Obstruction of justice is the crime of interfering with the administration and due process of the law, including any criminal proceeding or investigation. Obstruction can be either a federal crime or a state crime, depending on the type of proceeding interfered with. To be guilty of obstruction of justice, a person must have knowledge of an investigation or proceeding and attempt to influence it.
The definition of obstruction is very broad and includes any interference with the application of the law, so there are many offenses that can be considered obstruction of justice. Some examples include:
The right of individuals to remain silent only allows them to refuse to answer police questions. If they answer and lie, this is not protected and is obstruction.
Since there are so many offenses that can constitute obstruction of justice, the penalty will vary based on the severity of the offense. Penalties can range from simple fines to jail time of up to ten years.
Yes. Although obstruction is a crime and is thus tried in criminal court, obstruction can be committed outside of criminal law. Obstructing a civil law case will thus yield the same results as obstructing a criminal proceeding.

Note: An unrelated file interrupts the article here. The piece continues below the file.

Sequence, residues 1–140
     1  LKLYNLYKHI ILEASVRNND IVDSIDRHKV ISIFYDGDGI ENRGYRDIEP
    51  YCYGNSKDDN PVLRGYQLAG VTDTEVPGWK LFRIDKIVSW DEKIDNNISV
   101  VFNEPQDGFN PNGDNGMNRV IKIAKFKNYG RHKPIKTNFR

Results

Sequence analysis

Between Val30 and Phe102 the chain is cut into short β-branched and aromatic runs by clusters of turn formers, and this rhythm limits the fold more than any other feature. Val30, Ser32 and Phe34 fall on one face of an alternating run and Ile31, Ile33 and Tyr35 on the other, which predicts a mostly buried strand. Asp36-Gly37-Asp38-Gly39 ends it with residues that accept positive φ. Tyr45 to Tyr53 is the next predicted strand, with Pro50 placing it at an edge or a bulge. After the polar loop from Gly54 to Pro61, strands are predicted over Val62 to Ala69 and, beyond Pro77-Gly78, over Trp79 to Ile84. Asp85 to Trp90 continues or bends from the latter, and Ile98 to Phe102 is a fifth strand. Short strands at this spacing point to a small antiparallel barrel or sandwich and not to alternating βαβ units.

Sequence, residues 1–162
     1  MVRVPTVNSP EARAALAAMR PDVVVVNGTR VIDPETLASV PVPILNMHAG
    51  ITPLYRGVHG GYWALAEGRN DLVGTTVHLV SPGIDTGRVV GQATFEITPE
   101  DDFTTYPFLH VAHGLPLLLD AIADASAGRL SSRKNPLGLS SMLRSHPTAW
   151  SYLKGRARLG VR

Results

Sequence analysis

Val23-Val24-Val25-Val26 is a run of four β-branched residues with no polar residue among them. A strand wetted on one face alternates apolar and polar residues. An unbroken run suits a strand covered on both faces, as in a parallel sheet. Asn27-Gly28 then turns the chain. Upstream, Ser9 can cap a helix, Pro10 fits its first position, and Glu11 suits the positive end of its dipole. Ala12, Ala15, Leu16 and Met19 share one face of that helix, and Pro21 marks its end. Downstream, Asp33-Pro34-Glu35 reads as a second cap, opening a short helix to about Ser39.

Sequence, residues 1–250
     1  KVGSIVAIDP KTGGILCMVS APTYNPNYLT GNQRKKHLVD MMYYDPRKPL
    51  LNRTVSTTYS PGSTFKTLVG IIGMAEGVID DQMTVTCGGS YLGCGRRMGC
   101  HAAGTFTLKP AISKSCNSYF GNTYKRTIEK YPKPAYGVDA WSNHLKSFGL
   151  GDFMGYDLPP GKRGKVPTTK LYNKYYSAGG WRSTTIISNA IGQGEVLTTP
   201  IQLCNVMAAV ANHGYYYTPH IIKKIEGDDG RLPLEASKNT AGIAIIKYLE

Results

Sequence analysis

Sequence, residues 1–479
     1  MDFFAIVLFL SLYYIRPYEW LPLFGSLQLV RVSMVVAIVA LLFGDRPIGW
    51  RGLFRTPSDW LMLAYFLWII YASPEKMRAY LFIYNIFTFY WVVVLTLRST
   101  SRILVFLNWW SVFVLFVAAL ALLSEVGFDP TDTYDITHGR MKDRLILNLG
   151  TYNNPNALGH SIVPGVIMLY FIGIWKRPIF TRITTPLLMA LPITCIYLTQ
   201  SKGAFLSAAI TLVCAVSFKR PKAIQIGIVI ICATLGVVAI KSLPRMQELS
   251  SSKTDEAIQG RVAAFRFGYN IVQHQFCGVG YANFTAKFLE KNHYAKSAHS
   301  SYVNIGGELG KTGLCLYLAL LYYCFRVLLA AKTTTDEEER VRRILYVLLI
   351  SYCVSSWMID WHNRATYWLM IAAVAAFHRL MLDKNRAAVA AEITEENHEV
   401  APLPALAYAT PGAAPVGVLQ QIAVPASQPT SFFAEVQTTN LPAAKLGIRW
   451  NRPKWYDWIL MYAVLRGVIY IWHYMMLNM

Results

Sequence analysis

Also note that obstruction can be charged outside of trial. If evidence of obstruction is found before or after the trial, the person interfering with the investigation can be charged. The person or party need not be a party to the case to be charged with obstruction.
Since there are so many offenses that can constitute obstruction of justice, the penalty will vary based on the severity of the offense.
Obstruction of justice can be a felony or a misdemeanor, depending on the state, the court, and the offense committed. Lying to a local police officer about your name at a traffic stop is typically a misdemeanor; theft of a document in a federal court case is a felony.
Penalties for misdemeanor are typically simple fines while felony charges can yield jail time of up to ten years.
If you have been accused of any crime, you should speak to a criminal defense lawyer immediately. A lawyer can advise you of your rights and defenses under the law and represent you in court.
Last Modified: 09-04-2017 11:52 PM PDTLaw Library Disclaimer
We've helped more than 4 million clients find the right lawyer – for free. Present your case online in minutes. LegalMatch matches you to pre-screened lawyers in your city or county based on the specifics of your case. Within 24 hours experienced local lawyers review it and evaluate if you have a solid case. If so, attorneys respond with an offer to represent you that includes a full attorney profile with details on their fee structure, background, and ratings by other LegalMatch users so you can decide if they're the right lawyer for you.